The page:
What I really learned in this conference is that they struggle like us, have the impostor syndrome like many of us, love to go dancing like many of us, they're just ahead.
It was inspiring listening to Fran Allen, IBM Fellow Emerita at the J. Watson Research Laboratories, the only woman that has received the ACM's Turing Award (2006), first woman named an IBM Fellow and the first woman president of IBM's Academy of Technology. She shared her big steps on her career and achievements, but she also shared her hopes for the future, which I quote:
- I'd like to see a new generation of women experience the excitement I feel for our field.
- I'd like to see women creating the workplace that meets their needs.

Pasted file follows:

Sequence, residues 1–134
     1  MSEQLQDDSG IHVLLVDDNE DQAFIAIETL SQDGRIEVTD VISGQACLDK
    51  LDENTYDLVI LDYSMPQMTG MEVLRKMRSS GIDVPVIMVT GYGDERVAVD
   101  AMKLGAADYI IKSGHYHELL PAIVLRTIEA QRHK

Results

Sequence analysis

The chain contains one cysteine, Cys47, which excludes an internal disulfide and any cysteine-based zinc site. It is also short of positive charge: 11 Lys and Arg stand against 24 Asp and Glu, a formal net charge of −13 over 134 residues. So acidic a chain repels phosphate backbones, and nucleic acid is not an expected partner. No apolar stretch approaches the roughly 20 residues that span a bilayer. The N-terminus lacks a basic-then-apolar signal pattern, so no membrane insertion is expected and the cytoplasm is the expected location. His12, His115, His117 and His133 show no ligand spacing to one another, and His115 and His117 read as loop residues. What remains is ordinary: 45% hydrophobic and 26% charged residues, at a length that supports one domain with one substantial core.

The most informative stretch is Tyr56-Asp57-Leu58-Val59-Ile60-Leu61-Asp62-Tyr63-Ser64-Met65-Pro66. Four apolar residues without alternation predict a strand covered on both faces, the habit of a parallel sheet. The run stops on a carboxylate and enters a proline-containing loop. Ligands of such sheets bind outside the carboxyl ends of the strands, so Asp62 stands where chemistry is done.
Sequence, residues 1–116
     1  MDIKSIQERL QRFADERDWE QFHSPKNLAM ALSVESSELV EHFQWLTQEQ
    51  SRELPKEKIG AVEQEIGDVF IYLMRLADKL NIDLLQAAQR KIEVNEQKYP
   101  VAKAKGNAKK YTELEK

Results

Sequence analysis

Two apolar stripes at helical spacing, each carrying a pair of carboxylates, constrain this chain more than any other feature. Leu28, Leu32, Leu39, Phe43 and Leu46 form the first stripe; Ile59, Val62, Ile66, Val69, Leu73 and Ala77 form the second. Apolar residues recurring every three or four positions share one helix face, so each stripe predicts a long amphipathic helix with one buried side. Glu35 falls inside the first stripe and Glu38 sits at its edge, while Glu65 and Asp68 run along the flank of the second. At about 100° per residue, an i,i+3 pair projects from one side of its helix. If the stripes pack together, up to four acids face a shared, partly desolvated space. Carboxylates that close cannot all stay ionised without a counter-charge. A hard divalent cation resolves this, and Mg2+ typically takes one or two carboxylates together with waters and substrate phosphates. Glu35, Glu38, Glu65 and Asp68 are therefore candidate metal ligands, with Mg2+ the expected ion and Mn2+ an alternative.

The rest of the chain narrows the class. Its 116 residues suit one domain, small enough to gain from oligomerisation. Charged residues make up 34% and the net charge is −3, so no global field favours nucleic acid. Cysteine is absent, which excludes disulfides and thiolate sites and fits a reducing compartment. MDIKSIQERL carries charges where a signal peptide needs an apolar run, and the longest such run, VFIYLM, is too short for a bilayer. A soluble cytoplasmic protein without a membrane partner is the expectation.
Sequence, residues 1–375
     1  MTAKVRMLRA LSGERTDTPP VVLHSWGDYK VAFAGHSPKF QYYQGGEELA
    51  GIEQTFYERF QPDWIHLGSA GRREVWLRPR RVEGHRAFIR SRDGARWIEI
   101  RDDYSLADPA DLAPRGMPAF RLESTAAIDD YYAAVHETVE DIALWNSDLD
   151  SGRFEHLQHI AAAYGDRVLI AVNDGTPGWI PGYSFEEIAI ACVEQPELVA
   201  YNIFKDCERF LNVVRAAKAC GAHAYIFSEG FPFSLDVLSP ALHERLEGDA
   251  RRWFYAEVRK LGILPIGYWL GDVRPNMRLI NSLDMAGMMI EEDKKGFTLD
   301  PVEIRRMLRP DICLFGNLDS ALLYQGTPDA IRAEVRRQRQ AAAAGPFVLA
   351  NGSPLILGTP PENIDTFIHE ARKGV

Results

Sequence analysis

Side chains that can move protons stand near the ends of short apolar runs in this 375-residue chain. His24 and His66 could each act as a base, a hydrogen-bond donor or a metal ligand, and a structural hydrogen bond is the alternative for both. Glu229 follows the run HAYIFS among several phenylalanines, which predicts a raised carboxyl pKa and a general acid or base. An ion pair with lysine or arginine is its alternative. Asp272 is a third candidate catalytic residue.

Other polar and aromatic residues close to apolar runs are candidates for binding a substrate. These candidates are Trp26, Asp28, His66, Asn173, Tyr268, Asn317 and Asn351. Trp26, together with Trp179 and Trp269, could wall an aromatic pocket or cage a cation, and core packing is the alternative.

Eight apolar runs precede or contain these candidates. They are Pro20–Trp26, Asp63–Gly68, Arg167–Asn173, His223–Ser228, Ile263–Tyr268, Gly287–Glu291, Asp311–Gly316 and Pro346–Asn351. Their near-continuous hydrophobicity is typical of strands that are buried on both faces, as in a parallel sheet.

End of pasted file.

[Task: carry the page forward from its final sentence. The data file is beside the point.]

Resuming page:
- I'd lie to see Computer Science become a core science of more interest to women (and others).
- We achieve Anita's (Anita Borg's) goal: 50-50 by 2020.
- Many Women Turing Award Winners.
Another treat for me, was listening to Mary Lou Jepsen, founding CTO of One Laptop per Child (OLPC), an organization whose mission is to deliver low-cost mesh-networked laptos en masse to children in developing countries. She created the machine many thought it was impossible and she shared with us the process in doing this. For this, she was named in 2008 one of the most influential people in the world by Time Magazine.
Mary Lou is such an energetic and inspiring person. She is currently leading her company Pixel Qi and her premise is that portables are all about the screen. And it was in screen innovations where she used her knowledge in Optics to design a cheap, yet reliable and innovative laptop.
These are just a couple of examples of the amazing women we met. I will continue with some of the discussions presented on panels such as: "The Imposter Panel" and "Women Wroking in International Development to Build a Better World". Follow-up posts coming up....